Changing Abdominal Imaging Utilization Patterns: Perspectives From Medicare Beneficiaries Over Two Decades

Courtney C. Moreno, Jennifer Hemingway, Aileen C. Johnson, Danny R. Hughes, Pardeep Kumar Mittal, Richard Duszak

Research output: Contribution to journalArticle

23 Citations (Scopus)

Abstract

Purpose To assess changing utilization patterns of abdominal imaging in the Medicare fee-for-service population over the past two decades. Methods Medicare Physician Supplier Procedure Summary master files from 1994 through 2012 were used to study changes in the frequency and utilization rates (per 1,000 Medicare beneficiaries per year) of abdominal CT, MRI, ultrasound, and radiography. Results In Medicare beneficiaries, the most frequently performed abdominal imaging modality changed from radiography in 1994 (207.4 per 1,000 beneficiaries) to CT in 2012 (169.0 per 1,000). Utilization rates of abdominal MR (1037.5%), CT (197.0%), and ultrasound (38.0%) all increased from 1994-2012 (but declined briefly from 2007 to 2009). A dramatic 20-year utilization rate decline occurred for gastrointestinal fluoroscopic examinations (–91.9% barium enema, –80.0% upper gastrointestinal series) and urologic radiographic examinations (–95.3%). Radiologists were the dominant providers of all modalities, accounting for >90% of CT and MR studies, and >75% of most ultrasound examination types. Conclusions Medicare utilization of abdominal imaging has markedly changed over the past two decades, with overall dramatic increases in CT and MRI and dramatic decreases in gastrointestinal fluoroscopic and urologic radiographic imaging. Despite these changes, radiologists remain the dominant providers in all abdominal imaging modalities.

Original languageEnglish (US)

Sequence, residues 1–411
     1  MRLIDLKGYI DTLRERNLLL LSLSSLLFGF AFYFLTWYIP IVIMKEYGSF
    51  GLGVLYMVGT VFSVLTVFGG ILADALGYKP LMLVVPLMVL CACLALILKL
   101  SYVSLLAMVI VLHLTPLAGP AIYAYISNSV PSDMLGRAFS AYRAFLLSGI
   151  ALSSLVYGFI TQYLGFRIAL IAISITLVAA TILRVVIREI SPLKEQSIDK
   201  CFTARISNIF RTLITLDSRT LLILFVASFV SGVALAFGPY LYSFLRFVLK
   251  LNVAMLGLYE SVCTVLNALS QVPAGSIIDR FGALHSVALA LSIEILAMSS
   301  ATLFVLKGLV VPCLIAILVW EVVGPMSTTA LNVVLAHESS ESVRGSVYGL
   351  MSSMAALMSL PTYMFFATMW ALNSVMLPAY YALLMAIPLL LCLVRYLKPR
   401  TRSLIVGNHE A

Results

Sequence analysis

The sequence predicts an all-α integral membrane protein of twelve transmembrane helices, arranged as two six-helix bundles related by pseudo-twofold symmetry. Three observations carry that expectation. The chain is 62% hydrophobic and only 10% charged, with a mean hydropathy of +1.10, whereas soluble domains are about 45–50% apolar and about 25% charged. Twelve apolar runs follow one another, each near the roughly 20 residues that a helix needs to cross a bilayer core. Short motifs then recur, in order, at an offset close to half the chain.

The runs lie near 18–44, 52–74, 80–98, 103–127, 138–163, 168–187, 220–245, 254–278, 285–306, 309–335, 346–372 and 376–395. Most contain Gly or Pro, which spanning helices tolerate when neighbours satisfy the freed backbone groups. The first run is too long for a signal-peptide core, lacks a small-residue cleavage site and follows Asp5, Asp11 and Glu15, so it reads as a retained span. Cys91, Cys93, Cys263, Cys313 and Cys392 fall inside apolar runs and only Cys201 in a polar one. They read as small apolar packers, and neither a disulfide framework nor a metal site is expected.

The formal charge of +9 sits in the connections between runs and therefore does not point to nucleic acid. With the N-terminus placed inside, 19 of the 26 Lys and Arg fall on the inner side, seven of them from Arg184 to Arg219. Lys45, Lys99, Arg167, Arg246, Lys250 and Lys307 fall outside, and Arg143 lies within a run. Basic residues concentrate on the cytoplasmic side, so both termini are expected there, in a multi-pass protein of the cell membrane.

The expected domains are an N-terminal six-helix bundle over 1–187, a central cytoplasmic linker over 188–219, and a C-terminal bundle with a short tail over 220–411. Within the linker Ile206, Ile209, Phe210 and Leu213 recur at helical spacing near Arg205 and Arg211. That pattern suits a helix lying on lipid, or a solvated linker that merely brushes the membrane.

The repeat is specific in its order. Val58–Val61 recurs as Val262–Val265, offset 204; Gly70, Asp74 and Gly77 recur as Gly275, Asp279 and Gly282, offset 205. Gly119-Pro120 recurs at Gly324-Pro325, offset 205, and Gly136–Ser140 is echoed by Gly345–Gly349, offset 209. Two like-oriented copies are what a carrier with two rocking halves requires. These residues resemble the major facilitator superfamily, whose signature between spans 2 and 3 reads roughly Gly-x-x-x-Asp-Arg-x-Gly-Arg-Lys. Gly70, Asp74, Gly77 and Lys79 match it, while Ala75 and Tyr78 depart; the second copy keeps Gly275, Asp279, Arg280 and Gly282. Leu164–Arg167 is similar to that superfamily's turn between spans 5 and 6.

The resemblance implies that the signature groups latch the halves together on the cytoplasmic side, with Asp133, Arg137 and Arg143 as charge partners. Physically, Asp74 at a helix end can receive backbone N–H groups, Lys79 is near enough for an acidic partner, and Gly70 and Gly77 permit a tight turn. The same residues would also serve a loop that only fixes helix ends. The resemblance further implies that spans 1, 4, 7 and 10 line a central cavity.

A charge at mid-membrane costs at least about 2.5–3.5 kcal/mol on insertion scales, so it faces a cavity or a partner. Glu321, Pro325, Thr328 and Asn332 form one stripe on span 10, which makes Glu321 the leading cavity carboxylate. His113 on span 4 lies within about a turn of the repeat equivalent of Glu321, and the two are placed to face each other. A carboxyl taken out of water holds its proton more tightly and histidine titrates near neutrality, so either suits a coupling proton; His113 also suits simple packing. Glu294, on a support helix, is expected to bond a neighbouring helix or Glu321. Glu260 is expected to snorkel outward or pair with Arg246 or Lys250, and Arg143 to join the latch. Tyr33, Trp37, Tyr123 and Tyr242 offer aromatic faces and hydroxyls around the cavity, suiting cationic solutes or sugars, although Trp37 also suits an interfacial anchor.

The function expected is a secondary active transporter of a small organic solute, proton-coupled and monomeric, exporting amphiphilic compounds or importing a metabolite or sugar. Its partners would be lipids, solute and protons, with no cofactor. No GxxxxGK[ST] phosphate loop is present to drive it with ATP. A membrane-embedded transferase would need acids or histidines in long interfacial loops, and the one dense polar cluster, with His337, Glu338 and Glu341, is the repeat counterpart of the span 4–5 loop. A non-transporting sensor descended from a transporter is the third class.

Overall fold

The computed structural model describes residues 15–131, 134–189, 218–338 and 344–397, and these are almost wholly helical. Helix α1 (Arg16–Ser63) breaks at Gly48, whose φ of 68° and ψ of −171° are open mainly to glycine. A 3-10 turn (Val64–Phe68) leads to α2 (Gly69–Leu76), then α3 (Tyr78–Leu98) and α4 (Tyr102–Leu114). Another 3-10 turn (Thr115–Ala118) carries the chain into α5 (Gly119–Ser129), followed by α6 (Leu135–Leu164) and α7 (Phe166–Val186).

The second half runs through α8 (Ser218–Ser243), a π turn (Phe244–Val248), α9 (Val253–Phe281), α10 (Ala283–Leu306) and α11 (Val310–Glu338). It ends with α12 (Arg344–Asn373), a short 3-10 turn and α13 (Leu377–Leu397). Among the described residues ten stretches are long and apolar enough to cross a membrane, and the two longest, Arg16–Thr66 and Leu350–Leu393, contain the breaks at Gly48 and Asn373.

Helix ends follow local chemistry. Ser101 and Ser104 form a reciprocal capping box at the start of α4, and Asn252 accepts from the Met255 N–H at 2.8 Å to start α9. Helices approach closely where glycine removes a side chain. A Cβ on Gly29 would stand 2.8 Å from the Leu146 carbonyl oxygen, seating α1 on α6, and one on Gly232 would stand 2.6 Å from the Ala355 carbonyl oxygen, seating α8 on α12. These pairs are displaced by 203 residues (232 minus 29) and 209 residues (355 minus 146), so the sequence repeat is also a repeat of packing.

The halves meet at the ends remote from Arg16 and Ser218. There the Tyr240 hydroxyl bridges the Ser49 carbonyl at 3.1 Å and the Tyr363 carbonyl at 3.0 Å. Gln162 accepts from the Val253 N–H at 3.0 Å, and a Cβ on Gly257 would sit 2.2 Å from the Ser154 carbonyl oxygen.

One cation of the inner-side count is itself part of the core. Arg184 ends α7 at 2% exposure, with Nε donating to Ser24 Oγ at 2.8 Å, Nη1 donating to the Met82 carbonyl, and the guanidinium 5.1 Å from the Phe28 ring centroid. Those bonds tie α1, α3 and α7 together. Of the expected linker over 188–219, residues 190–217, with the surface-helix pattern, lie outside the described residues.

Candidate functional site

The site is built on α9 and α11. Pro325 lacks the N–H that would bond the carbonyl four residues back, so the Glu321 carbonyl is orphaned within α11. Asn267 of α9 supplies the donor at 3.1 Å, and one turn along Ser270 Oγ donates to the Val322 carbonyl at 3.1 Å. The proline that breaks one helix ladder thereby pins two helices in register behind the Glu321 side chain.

Pages (from-to)894-903
Number of pages10
JournalJournal of the American College of Radiology
Volume13
Issue number8
DOIs
StatePublished - Aug 1 2016
Externally publishedYes

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Medicare
Radiography
Fee-for-Service Plans
Physicians
Population
Radiologists

Keywords

  • Utilization
  • abdominal CT
  • abdominal MR
  • abdominal radiography
  • abdominal ultrasound

ASJC Scopus subject areas

  • Radiology Nuclear Medicine and imaging

Cite this

Changing Abdominal Imaging Utilization Patterns : Perspectives From Medicare Beneficiaries Over Two Decades. / Moreno, Courtney C.; Hemingway, Jennifer; Johnson, Aileen C.; Hughes, Danny R.; Mittal, Pardeep Kumar; Duszak, Richard.

In: Journal of the American College of Radiology, Vol. 13, No. 8, 01.08.2016, p. 894-903.

Research output: Contribution to journalArticle

Moreno, Courtney C. ; Hemingway, Jennifer ; Johnson, Aileen C. ; Hughes, Danny R. ; Mittal, Pardeep Kumar ; Duszak, Richard. / Changing Abdominal Imaging Utilization Patterns : Perspectives From Medicare Beneficiaries Over Two Decades. In: Journal of the American College of Radiology. 2016 ; Vol. 13, No. 8. pp. 894-903.
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abstract = "Purpose To assess changing utilization patterns of abdominal imaging in the Medicare fee-for-service population over the past two decades. Methods Medicare Physician Supplier Procedure Summary master files from 1994 through 2012 were used to study changes in the frequency and utilization rates (per 1,000 Medicare beneficiaries per year) of abdominal CT, MRI, ultrasound, and radiography. Results In Medicare beneficiaries, the most frequently performed abdominal imaging modality changed from radiography in 1994 (207.4 per 1,000 beneficiaries) to CT in 2012 (169.0 per 1,000). Utilization rates of abdominal MR (1037.5{\%}), CT (197.0{\%}), and ultrasound (38.0{\%}) all increased from 1994-2012 (but declined briefly from 2007 to 2009). A dramatic 20-year utilization rate decline occurred for gastrointestinal fluoroscopic examinations (–91.9{\%} barium enema, –80.0{\%} upper gastrointestinal series) and urologic radiographic examinations (–95.3{\%}). Radiologists were the dominant providers of all modalities, accounting for >90{\%} of CT and MR studies, and >75{\%} of most ultrasound examination types. Conclusions Medicare utilization of abdominal imaging has markedly changed over the past two decades, with overall dramatic increases in CT and MRI and dramatic decreases in gastrointestinal fluoroscopic and urologic radiographic imaging. Despite these changes, radiologists remain the dominant providers in all abdominal imaging modalities.",
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